Wednesday, May 29, 2024

Business insolvencies spike in first quarter, consumer insolvencies also rise

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OTTAWA — Business insolvencies surged 87.2 per cent year-over-year in the first quarter of 2024, while consumer insolvencies rose 14 per cent. 

Data from the Office of the Superintendent of Bankruptcy released Friday shows business insolvencies totalled 2,003, with 1,599 of those being bankruptcies. 

The Canadian Association of Insolvency and Restructuring Professionals (CAIRP) said that’s by far the largest year-over-year increase in business insolvencies in 37 years of records. 

Business insolvencies rose 31.7 per cent from the fourth quarter of 2023. 

The association said in a press release that it’s seeing signs of a significant rise in distress among Canadian businesses as they deal with pandemic debt, higher costs, declining consumer spending and higher interest rates.

“Now that the CEBA loan deadline has passed, businesses have the added financial burden of monthly loan repayments and their accompanying interest payments. These new debt obligations may make the future more difficult to navigate,” said CAIRP chair André Bolduc in the press release.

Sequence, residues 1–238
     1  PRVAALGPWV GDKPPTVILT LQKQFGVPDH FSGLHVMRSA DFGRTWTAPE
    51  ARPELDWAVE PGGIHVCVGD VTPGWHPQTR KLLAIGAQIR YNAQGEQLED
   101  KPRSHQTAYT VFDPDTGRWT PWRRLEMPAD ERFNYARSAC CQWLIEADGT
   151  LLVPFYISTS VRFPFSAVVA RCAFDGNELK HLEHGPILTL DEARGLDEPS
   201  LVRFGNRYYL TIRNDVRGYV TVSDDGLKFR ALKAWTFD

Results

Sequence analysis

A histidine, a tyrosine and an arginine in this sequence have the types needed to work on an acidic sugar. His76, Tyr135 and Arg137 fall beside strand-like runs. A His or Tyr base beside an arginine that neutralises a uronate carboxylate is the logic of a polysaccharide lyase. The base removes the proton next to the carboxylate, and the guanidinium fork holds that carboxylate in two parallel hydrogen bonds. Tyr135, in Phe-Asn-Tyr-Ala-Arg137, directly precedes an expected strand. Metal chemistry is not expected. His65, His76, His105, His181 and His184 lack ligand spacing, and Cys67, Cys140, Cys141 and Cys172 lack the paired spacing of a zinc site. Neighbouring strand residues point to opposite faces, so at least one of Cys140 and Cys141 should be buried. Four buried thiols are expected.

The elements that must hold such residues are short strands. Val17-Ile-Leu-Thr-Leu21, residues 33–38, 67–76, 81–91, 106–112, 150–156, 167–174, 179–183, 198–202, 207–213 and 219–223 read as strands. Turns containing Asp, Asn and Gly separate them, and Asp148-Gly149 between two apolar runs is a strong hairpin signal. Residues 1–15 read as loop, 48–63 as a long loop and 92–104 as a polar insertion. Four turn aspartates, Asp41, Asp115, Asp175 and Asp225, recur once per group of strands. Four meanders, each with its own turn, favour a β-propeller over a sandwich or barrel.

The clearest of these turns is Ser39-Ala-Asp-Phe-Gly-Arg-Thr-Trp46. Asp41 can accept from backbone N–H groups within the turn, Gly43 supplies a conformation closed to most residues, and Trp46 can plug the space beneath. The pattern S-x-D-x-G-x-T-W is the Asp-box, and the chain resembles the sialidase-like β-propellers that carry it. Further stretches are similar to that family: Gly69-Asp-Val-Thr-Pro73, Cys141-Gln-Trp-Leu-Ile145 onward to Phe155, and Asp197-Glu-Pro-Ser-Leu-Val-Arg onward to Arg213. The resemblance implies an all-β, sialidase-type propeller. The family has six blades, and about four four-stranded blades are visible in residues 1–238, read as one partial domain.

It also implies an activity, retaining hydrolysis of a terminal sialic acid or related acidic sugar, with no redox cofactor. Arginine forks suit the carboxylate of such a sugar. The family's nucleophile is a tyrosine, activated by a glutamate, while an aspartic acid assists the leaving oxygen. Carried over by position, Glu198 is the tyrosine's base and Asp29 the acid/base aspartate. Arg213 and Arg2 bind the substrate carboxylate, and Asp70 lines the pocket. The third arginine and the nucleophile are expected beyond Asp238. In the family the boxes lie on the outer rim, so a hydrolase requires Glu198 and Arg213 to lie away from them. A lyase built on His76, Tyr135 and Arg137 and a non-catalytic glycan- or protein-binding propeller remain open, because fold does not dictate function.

Small and medium-sized businesses are particularly challenged as they have fewer options for restructuring, he said. Some choose to just shut their doors instead of pursuing formal insolvency proceedings. 

Consumer insolvencies during the first quarter totalled 33,885, with the majority being proposals.

“The number of consumer insolvencies returned to pre-pandemic levels this quarter, and the risk of insolvency still looms large for many Canadians,” said Bolduc. 

“A perfect storm of economic challenges is brewing, with high mortgage renewal rates, soaring rental prices, and elevated costs of everyday necessities,” he added.

“The high cost of servicing debts is also compounding the financial strain for many Canadians and leaving them grappling with insurmountable debt burdens.”

An interest-rate cut from the Bank of Canada may be coming soon, but many Canadians have accumulated significant debt, including credit card debt, or have locked in higher mortgage rates, said Bolduc. 

This report by The Canadian Press was first published May 3, 2024.

The Canadian Press

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